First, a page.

Metro area nurses gathered Tuesday and voted to ratify a new contract with 14 area hospitals, thus ending a four-month dispute between the two sides.
Nurses from the Minnesota Nurses Association returned to the polls not to vote on a strike but to bring to a close a negotiation process that began in March.
“This is their third time through, so everyone is pretty accustomed to the process,” MNA spokesman John Nemo said as nurses walked in and out to vote between 6 a.m. and 10 p.m.
MNA recommended its members approve the contract, and they did so “overwhelmingly,” according to a press release late Tuesday night.
The vote was prompted by a surprise announcement last Thursday that the two sides had reached a tentative agreement.
Hospital spokeswoman Maureen Schriner said there was no concrete change that brought about the compromise.
“I think that there was recognition that we needed to do something that was going to be a positive step for the patients and the community,” she said.
With the help of a federal mediator, negotiators from MNA and 14 metro area hospitals left the bargaining table with a settlement at 11 p.m. last Wednesday.
Nurses had been set to walk out on strike again Tuesday, but that strike date was lifted after the settlement was made.
As throughout the contract negotiation process, staffing levels are at the heart of the settlement. Responsibility will be shifted to existing committees of nurses and hospital management at each hospital to resolve the dispute.
There will be no concrete nurse-to-patient ratios, but Nemo said the fight over staffing levels is far from over.
He said nurses will focus on discussions within the committees and work to call the public’s attention to the issue.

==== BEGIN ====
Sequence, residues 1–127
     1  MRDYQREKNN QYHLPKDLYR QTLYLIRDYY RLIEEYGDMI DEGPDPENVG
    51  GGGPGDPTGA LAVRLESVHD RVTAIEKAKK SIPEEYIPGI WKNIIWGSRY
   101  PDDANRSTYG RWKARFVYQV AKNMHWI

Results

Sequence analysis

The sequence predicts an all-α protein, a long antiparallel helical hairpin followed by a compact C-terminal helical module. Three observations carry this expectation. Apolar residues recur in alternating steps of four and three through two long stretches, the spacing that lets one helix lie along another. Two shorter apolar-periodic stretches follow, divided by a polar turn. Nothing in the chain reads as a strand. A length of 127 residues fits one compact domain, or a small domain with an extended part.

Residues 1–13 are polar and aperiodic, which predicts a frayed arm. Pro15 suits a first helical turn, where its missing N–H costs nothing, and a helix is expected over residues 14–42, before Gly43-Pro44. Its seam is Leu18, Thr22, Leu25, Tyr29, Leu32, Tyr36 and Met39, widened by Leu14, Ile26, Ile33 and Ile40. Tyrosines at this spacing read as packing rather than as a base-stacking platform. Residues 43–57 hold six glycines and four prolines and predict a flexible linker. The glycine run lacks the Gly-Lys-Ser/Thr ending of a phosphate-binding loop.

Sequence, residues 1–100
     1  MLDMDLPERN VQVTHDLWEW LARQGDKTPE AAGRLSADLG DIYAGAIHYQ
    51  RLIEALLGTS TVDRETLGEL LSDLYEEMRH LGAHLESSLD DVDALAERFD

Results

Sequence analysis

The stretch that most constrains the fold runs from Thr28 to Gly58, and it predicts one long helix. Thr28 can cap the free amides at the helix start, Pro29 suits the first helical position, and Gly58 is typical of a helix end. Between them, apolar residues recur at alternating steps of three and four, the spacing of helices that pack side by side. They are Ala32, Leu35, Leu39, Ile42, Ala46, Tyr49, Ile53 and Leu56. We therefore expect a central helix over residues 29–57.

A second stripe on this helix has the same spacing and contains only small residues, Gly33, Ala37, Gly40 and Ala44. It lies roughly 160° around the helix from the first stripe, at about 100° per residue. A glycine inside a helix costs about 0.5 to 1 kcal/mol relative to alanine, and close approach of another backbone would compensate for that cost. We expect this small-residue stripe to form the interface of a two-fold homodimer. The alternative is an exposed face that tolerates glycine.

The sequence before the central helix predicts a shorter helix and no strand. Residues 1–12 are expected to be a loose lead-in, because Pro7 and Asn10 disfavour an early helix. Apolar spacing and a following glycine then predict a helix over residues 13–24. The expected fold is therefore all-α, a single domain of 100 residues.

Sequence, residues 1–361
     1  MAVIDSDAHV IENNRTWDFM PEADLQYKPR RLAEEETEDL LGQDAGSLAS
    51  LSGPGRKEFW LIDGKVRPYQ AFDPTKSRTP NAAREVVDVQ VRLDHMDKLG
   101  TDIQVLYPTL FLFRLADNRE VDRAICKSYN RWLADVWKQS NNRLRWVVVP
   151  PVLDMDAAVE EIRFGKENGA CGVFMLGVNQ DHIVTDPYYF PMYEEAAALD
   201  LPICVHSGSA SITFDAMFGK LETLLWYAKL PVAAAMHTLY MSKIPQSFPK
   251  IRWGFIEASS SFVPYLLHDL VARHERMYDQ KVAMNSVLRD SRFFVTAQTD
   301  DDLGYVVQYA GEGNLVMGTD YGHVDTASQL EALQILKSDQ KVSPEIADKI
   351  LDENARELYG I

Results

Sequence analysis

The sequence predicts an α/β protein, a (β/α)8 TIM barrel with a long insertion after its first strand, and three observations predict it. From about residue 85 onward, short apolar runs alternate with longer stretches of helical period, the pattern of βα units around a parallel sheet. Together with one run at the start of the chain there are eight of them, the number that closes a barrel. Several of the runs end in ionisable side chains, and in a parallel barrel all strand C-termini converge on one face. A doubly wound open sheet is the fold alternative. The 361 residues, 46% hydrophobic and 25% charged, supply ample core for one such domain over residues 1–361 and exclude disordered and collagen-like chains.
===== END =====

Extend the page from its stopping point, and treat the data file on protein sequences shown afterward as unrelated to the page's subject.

“Just because we didn’t get it in this particular issue doesn’t mean we’re going to drop the fight,” he said. “It’s the number-one issue for nurses.”
MNA’s bargaining team approved the hospital’s proposal of 1 percent and 2 percent pay raises in the second and third years of the new contract. Nurses will not get a raise the first year.
Though hospitals undoubtedly came out on top in the staffing issue, nurses fought back proposed changes to nurses’ pension and health care plans. In previous contract proposals, hospitals cut pension rates from 1.75 percent to 1.2 percent. Hospitals also cut back a change to the nurses’ health care plan.
In a video posted on MNA’s blog, nurse and negotiator Cindy Olson was visibly disappointed with the settlement.
“It’s not everything we had hoped for and put out for a win, but it’s not a loss either,” she said.
After a one-day strike June 10 and nearly four months of tense negotiations, emotions between the two sides may not simply disappear after the contract is finalized.
“There’s a period where you need to have the dust settle,” Nemo said.